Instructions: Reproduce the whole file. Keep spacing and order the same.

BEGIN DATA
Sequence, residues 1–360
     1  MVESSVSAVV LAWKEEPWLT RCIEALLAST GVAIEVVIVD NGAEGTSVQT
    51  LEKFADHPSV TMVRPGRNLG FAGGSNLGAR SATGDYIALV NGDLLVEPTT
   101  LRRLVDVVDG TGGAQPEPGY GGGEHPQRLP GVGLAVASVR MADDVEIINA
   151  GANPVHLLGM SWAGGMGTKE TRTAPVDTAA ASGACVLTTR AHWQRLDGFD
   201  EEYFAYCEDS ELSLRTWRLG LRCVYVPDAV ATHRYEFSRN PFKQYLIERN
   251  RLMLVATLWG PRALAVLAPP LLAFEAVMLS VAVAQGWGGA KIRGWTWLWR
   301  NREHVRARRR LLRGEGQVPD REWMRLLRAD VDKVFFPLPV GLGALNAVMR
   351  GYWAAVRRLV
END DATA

Sequence, residues 1–360
     1  MVESSVSAVV LAWKEEPWLT RCIEALLAST GVAIEVVIVD NGAEGTSVQT
    51  LEKFADHPSV TMVRPGRNLG FAGGSNLGAR SATGDYIALV NGDLLVEPTT
   101  LRRLVDVVDG TGGAQPEPGY GGGEHPQRLP GVGLAVASVR MADDVEIINA
   151  GANPVHLLGM SWAGGMGTKE TRTAPVDTAA ASGACVLTTR AHWQRLDGFD
   201  EEYFAYCEDS ELSLRTWRLG LRCVYVPDAV ATHRYEFSRN PFKQYLIERN
   251  RLMLVATLWG PRALAVLAPP LLAFEAVMLS VAVAQGWGGA KIRGWTWLWR
   301  NREHVRARRR LLRGEGQVPD REWMRLLRAD VDKVFFPLPV GLGALNAVMR
   351  GYWAAVRRLV